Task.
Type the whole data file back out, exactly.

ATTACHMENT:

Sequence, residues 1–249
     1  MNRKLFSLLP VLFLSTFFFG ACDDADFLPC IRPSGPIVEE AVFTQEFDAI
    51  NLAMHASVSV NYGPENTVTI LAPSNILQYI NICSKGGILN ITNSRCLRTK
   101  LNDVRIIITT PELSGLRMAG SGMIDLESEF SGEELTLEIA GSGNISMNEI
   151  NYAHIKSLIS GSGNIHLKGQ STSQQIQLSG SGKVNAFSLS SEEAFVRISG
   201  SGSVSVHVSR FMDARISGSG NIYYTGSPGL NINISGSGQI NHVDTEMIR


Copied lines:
Sequence, residues 1–249
     1  MNRKLFSLLP VLFLSTFFFG ACDDADFLPC IRPSGPIVEE AVFTQEFDAI
    51  NLAMHASVSV NYGPENTVTI LAPSNILQYI NICSKGGILN ITNSRCLRTK
   101  LNDVRIIITT PELSGLRMAG SGMIDLESEF SGEELTLEIA GSGNISMNEI
   151  NYAHIKSLIS GSGNIHLKGQ STSQQIQLSG SGKVNAFSLS SEEAFVRISG
   201  SGSVSVHVSR FMDARISGSG NIYYTGSPGL NINISGSGQI NHVDTEMIR